Money prioritizes harm reduction, treatment
As overdoses from fentanyl mount, New York and its counties are starting to deploy a new weapon: more than $2 billion the state is receiving from opioid manufacturers and distributors to settle lawsuits over their role in the crisis.
In November 2022, the state’s Settlement Fund Advisory Board recommended that first-year spending, $192 million, prioritize harm reduction, treatment, hard-hit populations such as Blacks and Latinos, and housing and recovery.
One-third of that amount ($64 million) has been distributed to counties for “regional abatement,” including $2.1 million to Dutchess County’s Department of Behavioral and Community Health and $600,000 to Putnam’s Department of Social Services and Mental Health. Dutchess also received $306,000 designated for street outreach.
On Oct. 10, the Dutchess Legislature approved spending $551,250, between this year and 2025, to support the county’s recovery coaches, public health education coordinators and its Law Enforcement Assisted Diversion (LEAD) team.
LEAD, a partnership with the City of Poughkeepsie’s police department, focuses on outreach to people with severe mental-health and drug-abuse problems who generally do not seek out services.
Four recovery coaches based at Dutchess County’s Empowerment Center in Poughkeepsie counsel people one-on-one, lead group sessions, distribute information at community events and visit “hot spots,” said Jean-Marie Niebuhr, the Department of Behavioral and Community Health’s director of community services.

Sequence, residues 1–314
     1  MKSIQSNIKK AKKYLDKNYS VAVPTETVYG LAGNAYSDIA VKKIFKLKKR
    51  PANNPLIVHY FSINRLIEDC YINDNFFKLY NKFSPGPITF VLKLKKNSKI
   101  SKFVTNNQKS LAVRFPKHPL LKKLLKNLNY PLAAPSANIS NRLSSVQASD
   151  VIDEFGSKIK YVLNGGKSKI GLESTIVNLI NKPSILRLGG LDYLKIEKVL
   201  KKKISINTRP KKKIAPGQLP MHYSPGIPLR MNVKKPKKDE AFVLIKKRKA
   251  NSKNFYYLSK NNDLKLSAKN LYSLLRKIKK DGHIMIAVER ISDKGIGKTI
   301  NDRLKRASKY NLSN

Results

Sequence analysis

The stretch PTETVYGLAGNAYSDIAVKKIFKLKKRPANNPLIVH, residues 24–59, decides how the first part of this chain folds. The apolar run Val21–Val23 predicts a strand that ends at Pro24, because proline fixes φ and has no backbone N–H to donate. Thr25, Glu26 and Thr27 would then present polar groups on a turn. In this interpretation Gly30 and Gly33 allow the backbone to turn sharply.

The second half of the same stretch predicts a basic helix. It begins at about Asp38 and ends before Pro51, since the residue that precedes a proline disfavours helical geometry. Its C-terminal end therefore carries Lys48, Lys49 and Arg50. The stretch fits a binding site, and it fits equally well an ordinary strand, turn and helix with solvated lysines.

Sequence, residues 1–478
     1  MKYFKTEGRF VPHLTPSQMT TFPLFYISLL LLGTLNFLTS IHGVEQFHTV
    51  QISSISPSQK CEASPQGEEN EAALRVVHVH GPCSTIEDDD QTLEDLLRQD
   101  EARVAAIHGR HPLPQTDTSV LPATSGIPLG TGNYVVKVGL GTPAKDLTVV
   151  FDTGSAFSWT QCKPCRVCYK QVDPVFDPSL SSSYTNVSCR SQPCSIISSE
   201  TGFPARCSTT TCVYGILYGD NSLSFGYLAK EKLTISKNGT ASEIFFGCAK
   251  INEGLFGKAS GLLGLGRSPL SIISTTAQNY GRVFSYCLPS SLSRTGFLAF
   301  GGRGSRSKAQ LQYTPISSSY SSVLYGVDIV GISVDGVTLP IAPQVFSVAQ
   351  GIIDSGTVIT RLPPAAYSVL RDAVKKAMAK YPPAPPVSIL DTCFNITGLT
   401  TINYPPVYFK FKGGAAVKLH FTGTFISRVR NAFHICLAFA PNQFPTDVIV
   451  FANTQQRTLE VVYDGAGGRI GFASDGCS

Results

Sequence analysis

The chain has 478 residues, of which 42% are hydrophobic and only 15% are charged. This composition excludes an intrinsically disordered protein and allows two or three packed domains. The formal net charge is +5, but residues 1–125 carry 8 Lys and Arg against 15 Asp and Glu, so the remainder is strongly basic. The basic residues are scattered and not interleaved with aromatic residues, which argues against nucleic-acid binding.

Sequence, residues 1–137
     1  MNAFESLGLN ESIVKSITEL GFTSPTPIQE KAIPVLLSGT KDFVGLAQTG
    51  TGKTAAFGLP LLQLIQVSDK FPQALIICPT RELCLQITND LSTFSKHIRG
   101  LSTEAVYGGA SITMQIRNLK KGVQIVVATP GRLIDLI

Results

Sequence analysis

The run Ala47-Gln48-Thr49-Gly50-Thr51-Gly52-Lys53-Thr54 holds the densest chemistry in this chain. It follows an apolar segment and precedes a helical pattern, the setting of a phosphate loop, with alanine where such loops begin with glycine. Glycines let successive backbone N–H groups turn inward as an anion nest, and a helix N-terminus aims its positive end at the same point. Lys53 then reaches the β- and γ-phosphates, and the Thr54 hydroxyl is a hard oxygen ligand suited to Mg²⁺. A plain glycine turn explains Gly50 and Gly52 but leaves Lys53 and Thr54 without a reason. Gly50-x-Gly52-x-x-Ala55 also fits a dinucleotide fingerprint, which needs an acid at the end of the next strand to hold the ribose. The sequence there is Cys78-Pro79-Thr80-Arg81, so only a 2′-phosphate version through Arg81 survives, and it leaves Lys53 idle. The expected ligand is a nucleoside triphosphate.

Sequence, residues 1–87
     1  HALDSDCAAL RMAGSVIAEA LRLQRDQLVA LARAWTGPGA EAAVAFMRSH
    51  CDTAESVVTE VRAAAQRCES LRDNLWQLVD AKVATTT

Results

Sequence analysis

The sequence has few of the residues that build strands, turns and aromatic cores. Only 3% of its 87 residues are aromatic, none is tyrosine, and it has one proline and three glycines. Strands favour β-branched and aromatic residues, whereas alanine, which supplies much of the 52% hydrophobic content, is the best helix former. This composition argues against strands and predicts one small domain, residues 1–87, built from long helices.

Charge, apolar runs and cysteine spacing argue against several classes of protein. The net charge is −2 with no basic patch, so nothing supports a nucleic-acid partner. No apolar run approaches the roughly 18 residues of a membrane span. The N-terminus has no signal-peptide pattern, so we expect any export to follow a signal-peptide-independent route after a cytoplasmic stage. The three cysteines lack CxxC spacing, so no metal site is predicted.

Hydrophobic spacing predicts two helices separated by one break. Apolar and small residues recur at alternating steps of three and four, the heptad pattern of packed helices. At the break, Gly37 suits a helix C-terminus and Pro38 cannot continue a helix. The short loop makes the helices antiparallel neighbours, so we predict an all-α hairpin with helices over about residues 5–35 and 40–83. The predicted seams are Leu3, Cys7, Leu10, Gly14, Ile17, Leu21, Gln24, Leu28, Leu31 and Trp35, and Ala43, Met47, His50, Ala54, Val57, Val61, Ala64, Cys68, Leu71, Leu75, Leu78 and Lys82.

“Places that we know where there are people who use drugs — in certain parks or in certain places — they [recovery coaches] go there regularly to engage with people,” she said.
Dutchess County Executive William F.X. O’Neil said the county is also working with Oxford House Inc. to open self-run and self-supporting recovery houses based on the organization’s model.
In addition, said Niebuhr, Dutchess has installed in Poughkeepsie a harm-reduction vending machine with free naloxone and fentanyl test strips, and is working on supplying information kits that first responders can leave with people who have overdosed but refused additional medical help.
Both Dutchess and Putnam have also joined EndODNY, which allows residents, including drug users and families, to register anonymously to receive text messages on subjects such as treatment options and instructions for using naloxone.
The system sends “spike” alerts, emergency warnings from county officials about bad batches of drugs and other dangers. Putnam issued one on Oct. 23 after paramedics responded to two non-fatal overdoses within 24 hours.
Text messages should be “a lot more convenient” than email alerts, and have been shown to “connect with more people who use drugs,” said Niebuhr.
“If there’s something going on, like a bad batch, like something has a ton of xylazine in it and it’s taking out more people, we want to make sure that family members, loved ones, friends of people who use drugs, people who use drugs themselves, are aware,” she said.
Putnam County awarded in April $85,000 of its settlement funds to its Prevention Council and in August began inviting providers to submit proposals for the rest of the funds. The county has yet to announce awardees.
The state also announced in July an award of $800,000 in settlement funds over four years to the Council on Addiction, Prevention and Education of Dutchess County (CAPE) to combat fentanyl, opioid and prescription-drug abuse.